Nepal Today

Thursday, June 20, 2013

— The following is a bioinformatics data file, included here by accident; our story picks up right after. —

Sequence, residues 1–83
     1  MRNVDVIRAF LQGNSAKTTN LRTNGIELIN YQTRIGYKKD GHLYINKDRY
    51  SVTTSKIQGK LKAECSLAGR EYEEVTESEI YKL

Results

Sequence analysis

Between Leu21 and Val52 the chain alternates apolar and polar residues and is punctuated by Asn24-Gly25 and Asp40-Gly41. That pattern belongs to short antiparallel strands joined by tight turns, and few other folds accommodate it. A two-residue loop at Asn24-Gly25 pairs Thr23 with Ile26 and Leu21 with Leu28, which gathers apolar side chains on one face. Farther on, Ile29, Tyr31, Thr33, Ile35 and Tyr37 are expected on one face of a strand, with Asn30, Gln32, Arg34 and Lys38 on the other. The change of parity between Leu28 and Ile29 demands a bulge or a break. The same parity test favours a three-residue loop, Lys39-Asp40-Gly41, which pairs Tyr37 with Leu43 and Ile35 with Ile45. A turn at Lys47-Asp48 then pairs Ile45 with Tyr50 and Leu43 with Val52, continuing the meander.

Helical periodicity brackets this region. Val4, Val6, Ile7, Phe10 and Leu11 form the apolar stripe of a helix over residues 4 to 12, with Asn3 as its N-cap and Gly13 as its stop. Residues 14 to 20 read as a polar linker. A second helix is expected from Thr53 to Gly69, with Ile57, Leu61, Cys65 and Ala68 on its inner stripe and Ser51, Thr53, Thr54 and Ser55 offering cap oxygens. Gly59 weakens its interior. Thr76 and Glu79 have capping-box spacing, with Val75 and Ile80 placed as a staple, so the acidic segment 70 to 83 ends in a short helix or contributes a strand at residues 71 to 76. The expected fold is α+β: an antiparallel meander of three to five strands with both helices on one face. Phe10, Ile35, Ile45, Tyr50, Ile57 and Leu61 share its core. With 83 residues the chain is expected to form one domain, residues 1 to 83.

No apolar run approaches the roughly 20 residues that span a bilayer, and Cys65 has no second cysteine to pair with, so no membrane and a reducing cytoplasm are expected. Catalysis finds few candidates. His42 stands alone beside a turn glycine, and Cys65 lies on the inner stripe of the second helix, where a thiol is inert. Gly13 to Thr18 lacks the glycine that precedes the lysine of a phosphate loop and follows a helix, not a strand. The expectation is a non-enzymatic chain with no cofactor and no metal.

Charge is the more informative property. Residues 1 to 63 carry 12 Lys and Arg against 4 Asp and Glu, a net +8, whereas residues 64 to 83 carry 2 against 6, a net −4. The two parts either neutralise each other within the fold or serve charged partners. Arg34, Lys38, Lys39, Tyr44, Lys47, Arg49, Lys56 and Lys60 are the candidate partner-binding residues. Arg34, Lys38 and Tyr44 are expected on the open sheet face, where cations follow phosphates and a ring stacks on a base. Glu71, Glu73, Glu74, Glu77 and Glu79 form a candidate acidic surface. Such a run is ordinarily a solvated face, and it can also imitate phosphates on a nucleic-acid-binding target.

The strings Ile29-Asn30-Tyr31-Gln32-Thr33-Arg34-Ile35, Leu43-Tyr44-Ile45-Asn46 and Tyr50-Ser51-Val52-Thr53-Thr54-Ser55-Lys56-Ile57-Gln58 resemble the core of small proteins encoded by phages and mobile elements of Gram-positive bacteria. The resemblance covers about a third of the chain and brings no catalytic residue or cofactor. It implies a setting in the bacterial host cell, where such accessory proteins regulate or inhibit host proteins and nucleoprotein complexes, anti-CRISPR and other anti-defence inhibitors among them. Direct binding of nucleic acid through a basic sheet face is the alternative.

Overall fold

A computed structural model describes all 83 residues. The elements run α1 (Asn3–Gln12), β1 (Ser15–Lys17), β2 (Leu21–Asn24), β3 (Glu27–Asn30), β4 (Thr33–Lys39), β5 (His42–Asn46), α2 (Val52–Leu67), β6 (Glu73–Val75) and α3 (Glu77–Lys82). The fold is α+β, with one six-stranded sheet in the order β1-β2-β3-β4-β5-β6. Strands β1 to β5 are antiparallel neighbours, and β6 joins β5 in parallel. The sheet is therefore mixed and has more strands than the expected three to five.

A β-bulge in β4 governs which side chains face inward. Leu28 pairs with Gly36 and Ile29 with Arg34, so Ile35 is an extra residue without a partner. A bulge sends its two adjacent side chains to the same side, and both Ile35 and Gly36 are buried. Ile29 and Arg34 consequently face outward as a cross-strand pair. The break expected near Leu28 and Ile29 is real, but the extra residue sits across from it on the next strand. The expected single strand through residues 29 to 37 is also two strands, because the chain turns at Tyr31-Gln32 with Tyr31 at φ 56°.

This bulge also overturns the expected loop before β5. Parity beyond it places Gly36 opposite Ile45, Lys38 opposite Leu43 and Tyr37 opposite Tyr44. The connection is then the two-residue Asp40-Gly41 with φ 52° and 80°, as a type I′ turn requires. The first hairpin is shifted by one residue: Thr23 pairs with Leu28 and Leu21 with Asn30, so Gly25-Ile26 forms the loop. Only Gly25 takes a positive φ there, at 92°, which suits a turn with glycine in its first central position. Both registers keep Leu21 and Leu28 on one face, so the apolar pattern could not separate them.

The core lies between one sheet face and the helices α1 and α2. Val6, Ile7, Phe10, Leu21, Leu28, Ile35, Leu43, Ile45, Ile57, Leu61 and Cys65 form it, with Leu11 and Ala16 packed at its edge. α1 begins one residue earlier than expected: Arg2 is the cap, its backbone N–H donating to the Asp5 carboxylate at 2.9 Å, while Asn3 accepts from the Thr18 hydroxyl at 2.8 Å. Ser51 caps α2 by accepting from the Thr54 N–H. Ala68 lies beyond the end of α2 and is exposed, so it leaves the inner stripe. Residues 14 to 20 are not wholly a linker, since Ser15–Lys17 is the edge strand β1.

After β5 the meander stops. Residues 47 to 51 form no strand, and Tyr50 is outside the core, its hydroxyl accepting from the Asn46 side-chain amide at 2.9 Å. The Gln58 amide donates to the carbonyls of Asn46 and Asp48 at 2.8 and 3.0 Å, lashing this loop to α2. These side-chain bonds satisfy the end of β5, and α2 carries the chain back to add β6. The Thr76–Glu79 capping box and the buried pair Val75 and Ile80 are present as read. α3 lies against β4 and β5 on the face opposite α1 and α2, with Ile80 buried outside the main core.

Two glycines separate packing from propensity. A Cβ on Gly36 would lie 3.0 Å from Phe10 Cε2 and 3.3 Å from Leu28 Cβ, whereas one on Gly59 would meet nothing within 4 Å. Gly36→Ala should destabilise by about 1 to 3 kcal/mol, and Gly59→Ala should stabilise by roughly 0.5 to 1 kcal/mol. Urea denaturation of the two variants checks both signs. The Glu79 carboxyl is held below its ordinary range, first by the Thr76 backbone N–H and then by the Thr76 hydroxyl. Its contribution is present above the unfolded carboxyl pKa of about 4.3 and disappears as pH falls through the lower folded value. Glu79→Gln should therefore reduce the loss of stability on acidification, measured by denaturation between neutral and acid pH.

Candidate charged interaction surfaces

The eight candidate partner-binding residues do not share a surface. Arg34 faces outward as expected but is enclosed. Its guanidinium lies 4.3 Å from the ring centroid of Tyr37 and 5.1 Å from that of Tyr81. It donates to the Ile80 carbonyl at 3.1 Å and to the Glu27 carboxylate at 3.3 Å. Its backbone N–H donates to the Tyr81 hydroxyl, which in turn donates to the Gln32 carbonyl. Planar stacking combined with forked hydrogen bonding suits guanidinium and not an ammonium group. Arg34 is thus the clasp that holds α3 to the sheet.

RESCUE OF 400 STRANDED NEPALI PILGRIMS BEGINS Kathmandu, 21 June: The Foreign Ministry on Thursday said that the Nepali pilgrims at Badri Kedar of India were being rescued by the Indian government. They have been reportedly left stranded due to landslides and floods that have hit the region following incessant rainfall, RSS reports.. Spokesperson at the Foreign Ministry, Arjun Bahadur Thapa, said the Nepali pilgrims stranded after the disaster at Badri Kedar of Uttarkhand in India were being rescued by the Indian government upon the request of Nepal government. Seventy out of some 400 Nepalis stranded have already been airlifted to safe camps at Dehradun and Rishikesh of India, he added. "Nepali Embassy in New Delhi is also constantly in contact with the Indian rescuers and doing the needful to rescue the affected Nepalis. And, there has been no reported Nepali casualty in the disaster," said Spokesperson Thapa. According to the Indian media, the landslides and floods lashed Uttarkhand of India, killing at least 70 persons, affecting 60,000 people and destroying massive physical infrastructures recently. Badri Kedar is one of the holy pilgrim sites that Hindus from Nepal visit frequently. Nnnn GOVT. NOT PREPARED FOR MONSOON Kathmandu, 21 June: Western parts of Nepal this week witnessed heavy floods and landslides triggered by the ongoing monsoon, with the death toll at 39 and property loss worth billions. Dozens who were swept away by the flood are still missing and several hundred others have been displaced and rendered homeless, Kamal Pariyar writes in Republica.. The government has mobilized the police and army for rescue efforts round the clock and announced several relief packages for the victims. “We were able to minimize further loss as we could promptly deploy all government bodies in full,” said Joint Secretary Laxmi Prasad Dhakal, who heads the Central Natural Disaster Relief Committee (CNDRC). “No one can fight nature; we can just try to minimize the loss,” he added. While 39 people have lost their lives, 18 others are missing, according to data at the National Emergency Operations Center (NEOC). Likewise, 7 people were injured, 187 houses were completely damaged and 7 partially damaged due to flood and landslide as of Thursday. But as the government struggles with rescue and rehabilitation, disaster management experts have criticized it for lacking proper pre-disaster management. They argue that since landslides and floods are yearly occurrences the government could have greatly reduce the losses if it had adopted pre-disaster management measures. . Be it Terai, Hills or Mountains, disasters can take place in the monsoon season. “But neither do we have proper coordination among government stakeholders nor are the tools or techniques adopted by the government implemented effectively,” said Man Bahadur Thapa, an expert on disaster management. “If we analyze previous data on disasters, we can easily get a proper idea about the management needed,” he further said. “Government bodies seem to be waiting for disaster to strike and then react accordingly. National Emergency Operations Center (NEOC), established in 2010 by the Ministry of Home Affairs and operated under the Planning and Special Services Division, acts as a coordination and communications point for disaster information across Nepal. It also coordinates among government agencies and other response and recovery stakeholders such as Nepal Red Cross Society, UN agencies, NGOs and INGOS. Though they are monitoring areas at flood risk with the help of real-time river monitoring systems, the government delayed safety measure. The government has been planning to establish district emergency operation centers (DEOCs) in all 75 districts, but it has not taken any serious initiatives to that end. If we just identify the high-risk locations and transfer the people at risk to safer places and inform local stakeholders in time, we can halve the disaster losses, he said. However, government stakeholders claim that they have done everything by of quick response to disaster. But when asked about the preparedness measures, they have no ready answers. They do accept that they need proper connectivity and resolution to face off disaster. Experts suggest that the government should formulate development plans in tandem with climate risk management. Most importantly, they should be properly equipped with the latest technological innovations and effective communication systems. As the monsoon has just started and is moving eastward, the government needs to identify potential threats of flood and landslide and take appropriate preventive measures to save life and property. Vulnerable pocket areas need to be identified in time and effective mitigating measures put in place. Since it is not possible for separate individuals or agencies to tackle the fury of nature, it is high time the government also ensured the participation of other stakeholders as well as the public and private sectors. Nnnn


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